By Atif Mushtaq
Phishing schemes continuously change as the bad guys develop more sophisticated techniques to lure business users. Emails have long been the customary approach for delivering phishing scams, which have affected more than one-third of all organizations [Note: link opens a PDF] as per Osterman Research.
In most cases, the cybercriminals send deceptive emails that appear as legitimate business inquiries in an attempt to steal login credentials and personal information, or to infect network endpoints with malware. However, as most organizations move toward improving their security, attackers are developing other methods that use more than just email. They are adopting newer, short-lived tactics that target human weaknesses and exploit employee vulnerabilities.
High-level and fast-paced phishing attacks are now regularly delivered through realistic-looking but fake ads, social media posts, chat apps, browser extensions and compromised websites. This tactic change is illustrated by the estimated 46,000+ new phishing sites that go live every day (and are taken down just as quickly), making the threat landscape much more dynamic and volatile.
In this climate, the phishers have become clever about crafting phony messages that are hard to distinguish from legitimate content. Even users who are skeptical about getting emails from questionable sources can be tricked into clicking on a malicious link or opening a bad attachment.
Another growing trend in the phishing deep-end is bogus file-sharing and collaboration services that spoof Microsoft OneDrive, Dropbox or Google Docs. Potential victims receive an email with a request to enter their credentials to download a large or encrypted file. In this way, the user’s credentials get stolen or malware is installed.
Criminal hackers are also using spear phishing as a more targeted approach aimed at a group of individuals, such as those within a specific company department. CEO fraud or Business Email Compromise (BEC) attacks are even more targeted by focusing on just one person or a very small group of individuals, such as a CFO or specific HR managers with access to employees’ personally identifiable information (PII) or other sensitive company data.
As the risks of phishing escalate, organizations are struggling to keep up and provide more staff trainings to help educate and protect employees from the rising number of new, more sophisticated threats. Nearly one-third of users (30 percent) receive security training only once per year, while another 21 percent are trained just twice per year, according to Osterman Research [Note: link opens a PDF]. Even worse, 3 percent of all users never receive any sort of training whatsoever for security protections.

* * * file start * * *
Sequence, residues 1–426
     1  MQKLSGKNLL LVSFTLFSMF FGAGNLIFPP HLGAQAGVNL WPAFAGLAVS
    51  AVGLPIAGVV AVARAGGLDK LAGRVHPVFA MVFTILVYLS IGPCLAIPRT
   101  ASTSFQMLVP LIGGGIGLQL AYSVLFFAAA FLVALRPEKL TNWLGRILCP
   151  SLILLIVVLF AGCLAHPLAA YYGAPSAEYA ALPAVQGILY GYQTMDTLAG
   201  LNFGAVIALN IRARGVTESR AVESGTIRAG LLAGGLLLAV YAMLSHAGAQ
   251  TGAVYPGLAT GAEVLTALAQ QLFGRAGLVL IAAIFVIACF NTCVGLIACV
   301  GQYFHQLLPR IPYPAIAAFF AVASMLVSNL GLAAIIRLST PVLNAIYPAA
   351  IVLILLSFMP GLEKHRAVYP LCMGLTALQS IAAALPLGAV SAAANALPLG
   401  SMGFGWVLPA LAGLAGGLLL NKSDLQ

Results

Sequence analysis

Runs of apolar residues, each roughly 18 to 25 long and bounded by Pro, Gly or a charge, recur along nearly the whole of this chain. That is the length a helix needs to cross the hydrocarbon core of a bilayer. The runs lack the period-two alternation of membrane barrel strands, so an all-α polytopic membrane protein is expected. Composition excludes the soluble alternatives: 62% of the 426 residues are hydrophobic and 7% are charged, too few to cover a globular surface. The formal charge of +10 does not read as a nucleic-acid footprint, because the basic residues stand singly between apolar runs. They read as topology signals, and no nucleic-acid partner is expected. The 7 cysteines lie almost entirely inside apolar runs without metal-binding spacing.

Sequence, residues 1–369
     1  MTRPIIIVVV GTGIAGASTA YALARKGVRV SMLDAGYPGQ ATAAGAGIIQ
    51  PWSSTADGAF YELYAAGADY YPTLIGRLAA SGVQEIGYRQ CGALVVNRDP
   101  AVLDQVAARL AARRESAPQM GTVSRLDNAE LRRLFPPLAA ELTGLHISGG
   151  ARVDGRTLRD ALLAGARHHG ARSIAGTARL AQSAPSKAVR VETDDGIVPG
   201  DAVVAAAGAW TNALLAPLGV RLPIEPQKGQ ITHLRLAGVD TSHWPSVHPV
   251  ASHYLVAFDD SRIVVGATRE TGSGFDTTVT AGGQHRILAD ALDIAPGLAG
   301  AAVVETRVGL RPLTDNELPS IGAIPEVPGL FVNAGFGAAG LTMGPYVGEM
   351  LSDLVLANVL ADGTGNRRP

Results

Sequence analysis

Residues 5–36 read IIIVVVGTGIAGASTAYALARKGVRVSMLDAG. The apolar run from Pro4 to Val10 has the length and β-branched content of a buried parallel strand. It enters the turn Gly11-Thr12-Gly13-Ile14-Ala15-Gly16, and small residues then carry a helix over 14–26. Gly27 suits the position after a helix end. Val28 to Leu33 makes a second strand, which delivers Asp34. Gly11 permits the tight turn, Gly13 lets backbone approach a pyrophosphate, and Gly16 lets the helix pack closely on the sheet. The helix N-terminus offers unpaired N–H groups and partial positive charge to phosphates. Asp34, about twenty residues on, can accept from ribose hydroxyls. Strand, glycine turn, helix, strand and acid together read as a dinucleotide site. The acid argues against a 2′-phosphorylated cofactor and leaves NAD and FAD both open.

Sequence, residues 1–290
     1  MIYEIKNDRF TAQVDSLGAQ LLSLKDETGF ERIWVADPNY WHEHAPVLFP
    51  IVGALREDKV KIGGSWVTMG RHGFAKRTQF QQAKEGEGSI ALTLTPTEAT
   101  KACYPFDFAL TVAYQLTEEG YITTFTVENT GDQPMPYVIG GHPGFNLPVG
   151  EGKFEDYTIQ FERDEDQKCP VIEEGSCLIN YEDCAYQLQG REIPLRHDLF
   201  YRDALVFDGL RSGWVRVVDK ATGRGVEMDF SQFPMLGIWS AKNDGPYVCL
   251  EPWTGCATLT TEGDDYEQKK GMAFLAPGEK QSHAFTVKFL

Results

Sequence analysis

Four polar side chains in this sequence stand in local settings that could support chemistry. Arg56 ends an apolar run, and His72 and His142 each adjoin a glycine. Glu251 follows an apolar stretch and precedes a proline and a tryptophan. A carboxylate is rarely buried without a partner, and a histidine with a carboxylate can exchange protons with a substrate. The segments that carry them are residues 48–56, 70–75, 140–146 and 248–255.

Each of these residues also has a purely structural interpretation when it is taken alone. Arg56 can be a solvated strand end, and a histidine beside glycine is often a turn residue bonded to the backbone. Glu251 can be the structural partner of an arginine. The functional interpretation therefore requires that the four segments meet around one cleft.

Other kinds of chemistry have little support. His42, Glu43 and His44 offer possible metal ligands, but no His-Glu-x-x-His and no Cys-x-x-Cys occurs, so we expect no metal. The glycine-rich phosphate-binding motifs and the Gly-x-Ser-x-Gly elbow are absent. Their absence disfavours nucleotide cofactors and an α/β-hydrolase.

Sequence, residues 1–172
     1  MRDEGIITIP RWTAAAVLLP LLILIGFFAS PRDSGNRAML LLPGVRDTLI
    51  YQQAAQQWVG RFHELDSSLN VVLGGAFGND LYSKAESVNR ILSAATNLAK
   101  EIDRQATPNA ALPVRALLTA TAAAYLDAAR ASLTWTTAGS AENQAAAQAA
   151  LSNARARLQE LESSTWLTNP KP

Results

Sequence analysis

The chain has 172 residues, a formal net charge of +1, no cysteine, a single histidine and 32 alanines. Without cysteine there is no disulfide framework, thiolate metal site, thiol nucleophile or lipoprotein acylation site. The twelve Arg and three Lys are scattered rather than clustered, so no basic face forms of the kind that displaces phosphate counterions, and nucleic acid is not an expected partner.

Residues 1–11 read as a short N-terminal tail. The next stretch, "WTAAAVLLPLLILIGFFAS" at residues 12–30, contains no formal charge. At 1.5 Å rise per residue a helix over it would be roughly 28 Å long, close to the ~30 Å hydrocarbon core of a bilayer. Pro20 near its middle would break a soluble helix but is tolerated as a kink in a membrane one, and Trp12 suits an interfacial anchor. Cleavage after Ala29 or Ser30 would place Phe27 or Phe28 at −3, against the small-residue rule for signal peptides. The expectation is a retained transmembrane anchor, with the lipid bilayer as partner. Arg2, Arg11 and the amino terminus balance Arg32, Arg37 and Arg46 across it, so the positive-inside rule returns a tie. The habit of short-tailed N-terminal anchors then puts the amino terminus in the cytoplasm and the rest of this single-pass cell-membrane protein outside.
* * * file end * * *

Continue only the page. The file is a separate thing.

Even the most thorough cybersecurity training can’t prevent employees from being human and making mistakes. Accidental disclosures can occur when busy employees become careless, such as when taking home an unencrypted laptop or losing a flash drive loaded with unprotected data.
Attacks can even succeed when employees are being careful. For example, if a corporate email system cannot support the transfer of very large files, an employee may turn to his or her personal email account to continue working. By bypassing corporate security defenses, such a step might increase an organization’s exposure to malware and data breaches.
Web surfing presents another potentially dangerous phishing activity on multiple levels. Surprisingly, many phishing threats are not delivered through “recreational” web surfing by employees at work. Rather, business users are often duped by valid, business-focused sites that have been compromised. The bad actors focus on phishing and social engineering through these compromised pages to steal user credentials and hack confidential data.
Online ads and browser pop-ups can also direct users to malicious websites or compromised pages on valid sites, resulting in the installation of malware, client-side scripting or other dangerous content.
Lastly, search engine poisoning is another common method of distributing malicious content. In this approach, cybercriminals use search engine optimization (SEO) techniques to cause malicious content to appear prominently in search results.
To protect themselves and their employees from the dangers of these new phishing tactics, organizations can implement real-time phishing detection solutions that work across a broad spectrum of phishing attack vectors. Such solutions adopt cloud-based session emulation, machine learning and phishing detection algorithms to rapidly uncover threats.
Users should also receive regularly updated trainings on how to avoid the latest incoming threats that will undoubtedly continue to emerge. After all, the only foolproof way to protect against phishing is to not take the bait.
About Atif Mushtaq
Atif Mushtaq is founder and CEO of SlashNext, which is pioneering a more effective way of protecting companies from the growing number of fast-moving and sophisticated phishing threats.